What Do You Plan to Do After Age 50?

Businessman and businesswoman shake hands over a conference table. Horizontal shot.

This thing called "life" has been a huge adventure and I'm only 55 years old! Statistics show that—with a healthy lifestyle of diet, exercise and stress-free lifestyle—many Boomers will live past the ripe age of 100. I plan to be one of those people and stick around for the next 50 years.  

This question comes to mind: what shall I do with the rest of my life? This seems to be a common question among many professionals over 50 years of age.

The job market is ever-changing. Some would say that the Millennials have taken over, but Boomers are not ready to give up the workforce. For many reasons, we are still in the job market. Although some have retired and some have lost a job, Boomers have a myriad of talent, experience and education. There is still so much more we can and desire to contribute.

"With decades of honed talent under their belts, experienced workers are of intrinsic value to companies looking for qualified candidates to fill available positions, a segment of the workforce now receiving attention from select employment services dedicated to helping them find work," writes Charles Green in his article, Advantages of 50-Plus Employment Services.

I began my job search at the end of 2013. I found it fascinating that everything had changed. There was no longer the challenge or luxury of getting up in the morning, putting on my best, printing 50 copies of my resume, and pounding the pavement to find employment. Everything is now done online. I now can get up, pour a cup of coffee, sit at my computer all day, and search for a new career.  

I was not aware that there was a method to this job search venture. And somehow, my resumes were getting lost in the "black hole" of resumes. I received advice saying, "Don't put all of your experience on your resume, it shows your age." Some said go back only 10 years while others said 15 years is the longest you should reference. How do you record all of your experience in one resume if you cannot show your age? Now I was thoroughly confused.

Every now and then, I would run across a job fair that was being held at a large hotel or stadium. The advertisement read, "Bring lots of resumes. Employers will interview on site." Yes, this is more like it, I thought. I became very excited because here was the opportunity for someone to meet me face-to-face and see that I was not the average job seeker. I had maturity, experience, and this amazing personality that no one could forget.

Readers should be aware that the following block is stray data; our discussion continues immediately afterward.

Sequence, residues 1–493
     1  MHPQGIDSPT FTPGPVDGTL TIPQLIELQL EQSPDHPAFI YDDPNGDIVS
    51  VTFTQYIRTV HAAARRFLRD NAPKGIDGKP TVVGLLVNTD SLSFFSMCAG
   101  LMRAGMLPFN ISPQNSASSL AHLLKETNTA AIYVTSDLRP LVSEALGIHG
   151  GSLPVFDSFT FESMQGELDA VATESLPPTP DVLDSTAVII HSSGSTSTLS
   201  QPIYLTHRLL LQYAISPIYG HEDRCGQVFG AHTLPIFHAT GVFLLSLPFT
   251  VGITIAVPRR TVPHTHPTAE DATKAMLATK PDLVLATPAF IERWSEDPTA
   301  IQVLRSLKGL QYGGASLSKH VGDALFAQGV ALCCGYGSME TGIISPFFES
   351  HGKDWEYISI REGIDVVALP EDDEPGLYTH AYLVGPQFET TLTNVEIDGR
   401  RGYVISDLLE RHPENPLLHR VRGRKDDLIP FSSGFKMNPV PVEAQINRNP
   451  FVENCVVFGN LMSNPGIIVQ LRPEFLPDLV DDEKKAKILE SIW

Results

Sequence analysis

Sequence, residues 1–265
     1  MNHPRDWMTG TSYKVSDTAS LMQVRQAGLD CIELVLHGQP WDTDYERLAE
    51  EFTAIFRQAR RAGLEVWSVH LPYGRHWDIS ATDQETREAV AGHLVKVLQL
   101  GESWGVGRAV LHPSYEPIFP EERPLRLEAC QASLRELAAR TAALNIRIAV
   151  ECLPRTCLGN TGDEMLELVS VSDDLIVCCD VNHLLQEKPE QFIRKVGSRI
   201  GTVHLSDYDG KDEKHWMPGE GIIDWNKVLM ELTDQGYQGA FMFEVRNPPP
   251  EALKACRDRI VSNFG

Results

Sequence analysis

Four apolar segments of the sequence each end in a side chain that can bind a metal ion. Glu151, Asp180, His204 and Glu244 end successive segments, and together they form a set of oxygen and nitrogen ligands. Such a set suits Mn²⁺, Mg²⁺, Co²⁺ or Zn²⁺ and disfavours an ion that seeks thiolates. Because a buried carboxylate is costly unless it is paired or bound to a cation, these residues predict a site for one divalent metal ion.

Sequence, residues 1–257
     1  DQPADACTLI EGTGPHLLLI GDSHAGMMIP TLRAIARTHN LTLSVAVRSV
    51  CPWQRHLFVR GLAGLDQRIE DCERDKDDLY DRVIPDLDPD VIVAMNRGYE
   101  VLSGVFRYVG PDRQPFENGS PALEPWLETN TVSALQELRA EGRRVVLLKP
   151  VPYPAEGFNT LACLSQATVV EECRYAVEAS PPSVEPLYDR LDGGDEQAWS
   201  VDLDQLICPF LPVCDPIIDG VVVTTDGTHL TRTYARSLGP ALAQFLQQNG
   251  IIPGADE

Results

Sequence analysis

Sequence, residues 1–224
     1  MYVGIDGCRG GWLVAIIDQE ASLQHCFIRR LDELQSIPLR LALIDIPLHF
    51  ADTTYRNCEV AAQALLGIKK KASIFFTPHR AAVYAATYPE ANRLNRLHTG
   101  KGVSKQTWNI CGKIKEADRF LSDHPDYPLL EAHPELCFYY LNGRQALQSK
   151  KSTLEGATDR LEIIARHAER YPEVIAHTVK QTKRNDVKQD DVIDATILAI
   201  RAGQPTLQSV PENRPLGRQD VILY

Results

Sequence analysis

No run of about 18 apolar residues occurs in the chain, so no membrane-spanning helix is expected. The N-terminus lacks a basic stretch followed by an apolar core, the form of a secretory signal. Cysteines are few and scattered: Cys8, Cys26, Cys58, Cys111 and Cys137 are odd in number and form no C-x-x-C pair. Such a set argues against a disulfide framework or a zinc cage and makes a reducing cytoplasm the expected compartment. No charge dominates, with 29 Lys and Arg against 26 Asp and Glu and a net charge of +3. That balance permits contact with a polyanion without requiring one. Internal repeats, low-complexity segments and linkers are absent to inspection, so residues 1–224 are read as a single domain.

Cynthia Andrews

I arrived at the job fair to be met with thousands other job seekers, who apparently thought the same as I did. I got in line, behind Millennials, Generation Xers, and my peers—all of whom had confident but discouraged looks on their faces. Somehow we all identified each other and gave an encouraging nod of recognition and sympathy as we passed through the lines.

As I continued to attend these fairs, I saw the same folks, still seeking jobs, as I was. Something has got to change, I said to myself and out loud. Professionals over 50 are being passed over like wildfire.

I have spoken to numerous recruiters who have given me code phrases like, "We are seeking a more progressive culture" and "We are not sure if older workers will feel comfortable in such a youthful environment." I am ready to change the way we do business when it comes to recruiting. Due to my employment-seeking challenges, I started an online career site for professionals over 50. The Seattle Mayor's Office for Senior Citizens and AARP also provide employment services and many community colleges (North | Central | South) have received funding to sharpen technology skills so that we can have the tools to compete.

All employment services should be aware of age discrimination laws, including The Age Discrimination in Employment Act of 1967. That law was designed to protect workers age 40 and older from workplace discrimination due to their age.

If you are a job seeker age 50 or older, don't give up. There is now a movement to help us go back to work and continue to contribute. Once you are hired, the Boomers are becoming the talk of the office—in a positive way. So let's get back to work and give them something to talk about in the next 50 years.


Contributor Cynthia Andrews is co-founder of E-Merging Career Network. Formerly a longtime director of the Central Area Senior Center, Cynthia has advocated for older adults for many years and currently hosts Living It Up After 50 on BlogTalk Radio.